Take 100: The Future of Film
The Future of Film
By Cameron Bailey and 10 others
Phaidon Press, June 2010
Or you could call this Brobdingnagian book, 100 to Watch, which would be an an equally apt title.
Herein you will find essays on 100 of the most talented young directors working in world cinema today, together with a focus on one of their recent films. All the essays are accompanied by a brief story synopsis, photos taken on the set, script excerpts, film stills and some hard data about both the director and the film. It’s quite a sumptuous package, a veritable feast for the eye and the brain.
The book has been put together by 10 so-called ‘curators’, among them Marco Müller, director of the Venice International Film Festival, and Trevor Groth, director of programming for the Sundance Film Festival. They have each selected 10 directors to write about, and 10 x 10 produces our 100. At least one of the directors included here, Florian Henckel von Donnersmarck, has made an undisputed masterpiece, The Lives of Others. And it was heartening to see that many fine films that have been reviewed at Jildy Sauce are also in the book, among them Ballast by Lance Hammer, Enrique Rivero’s Parque Via and the brilliant Police, Adjective - to name but three. Mia Hansen-Love gets a mention but the film of hers that is discussed is All is Forgiven (2007), rather than Lourdes, a film which approaches masterpiece status in my view.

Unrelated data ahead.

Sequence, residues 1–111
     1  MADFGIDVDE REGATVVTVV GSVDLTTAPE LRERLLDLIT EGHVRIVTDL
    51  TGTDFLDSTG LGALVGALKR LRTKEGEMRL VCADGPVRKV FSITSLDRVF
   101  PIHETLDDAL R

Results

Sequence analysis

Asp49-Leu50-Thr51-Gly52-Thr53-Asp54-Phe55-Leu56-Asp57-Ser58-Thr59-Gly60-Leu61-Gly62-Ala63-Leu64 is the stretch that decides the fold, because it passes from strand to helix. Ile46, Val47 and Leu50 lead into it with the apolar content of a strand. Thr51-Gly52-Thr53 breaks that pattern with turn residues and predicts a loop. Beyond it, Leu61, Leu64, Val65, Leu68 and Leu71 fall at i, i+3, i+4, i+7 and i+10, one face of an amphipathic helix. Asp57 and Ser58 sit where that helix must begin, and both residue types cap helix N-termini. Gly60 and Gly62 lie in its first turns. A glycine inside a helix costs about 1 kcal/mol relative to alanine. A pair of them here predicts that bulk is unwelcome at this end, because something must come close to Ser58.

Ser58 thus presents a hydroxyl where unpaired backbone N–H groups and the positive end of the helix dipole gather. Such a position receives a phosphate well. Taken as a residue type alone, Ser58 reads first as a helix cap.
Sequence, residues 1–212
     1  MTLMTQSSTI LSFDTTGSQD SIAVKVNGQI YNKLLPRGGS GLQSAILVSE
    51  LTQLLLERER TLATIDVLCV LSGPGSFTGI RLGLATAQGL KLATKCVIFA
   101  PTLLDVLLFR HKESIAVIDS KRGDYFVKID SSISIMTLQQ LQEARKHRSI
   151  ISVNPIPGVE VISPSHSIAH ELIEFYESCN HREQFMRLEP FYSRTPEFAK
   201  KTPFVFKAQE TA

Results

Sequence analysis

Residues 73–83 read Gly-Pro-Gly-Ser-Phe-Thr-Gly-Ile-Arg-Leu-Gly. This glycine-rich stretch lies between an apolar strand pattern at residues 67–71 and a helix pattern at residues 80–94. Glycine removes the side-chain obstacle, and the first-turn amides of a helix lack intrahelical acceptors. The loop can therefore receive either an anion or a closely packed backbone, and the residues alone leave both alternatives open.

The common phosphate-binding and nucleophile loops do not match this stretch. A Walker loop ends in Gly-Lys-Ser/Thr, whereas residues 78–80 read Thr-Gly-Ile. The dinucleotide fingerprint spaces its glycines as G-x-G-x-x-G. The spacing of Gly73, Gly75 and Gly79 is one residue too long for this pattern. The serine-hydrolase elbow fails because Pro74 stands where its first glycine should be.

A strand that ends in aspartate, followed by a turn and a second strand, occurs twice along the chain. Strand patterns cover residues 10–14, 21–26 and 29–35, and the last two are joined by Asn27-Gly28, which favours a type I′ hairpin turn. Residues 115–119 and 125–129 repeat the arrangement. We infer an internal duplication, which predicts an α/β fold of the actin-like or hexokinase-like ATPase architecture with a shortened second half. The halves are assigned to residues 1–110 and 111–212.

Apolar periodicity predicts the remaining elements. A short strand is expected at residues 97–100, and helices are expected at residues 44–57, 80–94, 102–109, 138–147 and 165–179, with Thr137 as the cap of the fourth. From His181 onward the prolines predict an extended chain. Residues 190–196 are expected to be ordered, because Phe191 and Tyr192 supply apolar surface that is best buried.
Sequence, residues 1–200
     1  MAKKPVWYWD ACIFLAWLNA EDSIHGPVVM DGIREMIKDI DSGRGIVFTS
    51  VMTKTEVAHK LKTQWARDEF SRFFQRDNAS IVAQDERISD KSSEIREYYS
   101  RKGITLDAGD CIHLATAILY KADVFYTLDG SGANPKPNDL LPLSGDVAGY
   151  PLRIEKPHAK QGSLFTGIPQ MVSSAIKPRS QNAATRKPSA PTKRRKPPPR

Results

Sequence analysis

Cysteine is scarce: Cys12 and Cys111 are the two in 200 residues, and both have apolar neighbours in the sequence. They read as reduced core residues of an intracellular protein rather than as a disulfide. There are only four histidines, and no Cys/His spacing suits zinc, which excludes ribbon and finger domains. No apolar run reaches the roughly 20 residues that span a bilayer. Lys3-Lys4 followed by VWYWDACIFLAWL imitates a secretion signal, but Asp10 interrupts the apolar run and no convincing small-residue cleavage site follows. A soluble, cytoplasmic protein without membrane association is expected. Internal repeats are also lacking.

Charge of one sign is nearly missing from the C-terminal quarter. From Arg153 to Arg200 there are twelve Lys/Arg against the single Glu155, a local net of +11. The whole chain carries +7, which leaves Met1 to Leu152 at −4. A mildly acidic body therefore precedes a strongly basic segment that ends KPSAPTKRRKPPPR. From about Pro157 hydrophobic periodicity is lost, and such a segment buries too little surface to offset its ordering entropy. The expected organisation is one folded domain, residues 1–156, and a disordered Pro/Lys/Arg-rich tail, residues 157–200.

The essays are generally perceptive and insightful, or at the very least serviceable, and they renew your memory and appreciation of those films that you have seen, while whetting your appetite for those that you’ve not yet got around to. Among the latter I was especially intrigued by John and Jane, a documentary by Ashim Ahuwalia about 6 workers in a Mumbai call centre.
There’s perhaps one dud among the 100 – a director that I don’t rate at all – but politeness forbids me from mentioning his name. OK, his first name is Zack. Also, the subtitle of the book, The Future of Film, is over-egging it a little bit: it should be clear that there are up-and-coming directors not included in the book who will make fine films in the future.
However, there is no doubt that this chunky art book (measuring approximately 30cm x 26cm x 5cm) will be an adornment to any wood-panelled library. An ideal book to peruse as you sit in a green leather chair, stroking a pedigree cat and planning world domination. Or just thinking about what DVD to buy next.
If you love films, you will take Take 100 in both hands and regard it as a gift.Explore posts in the same categories: Book review comment below, or link to this permanent URL from your own site.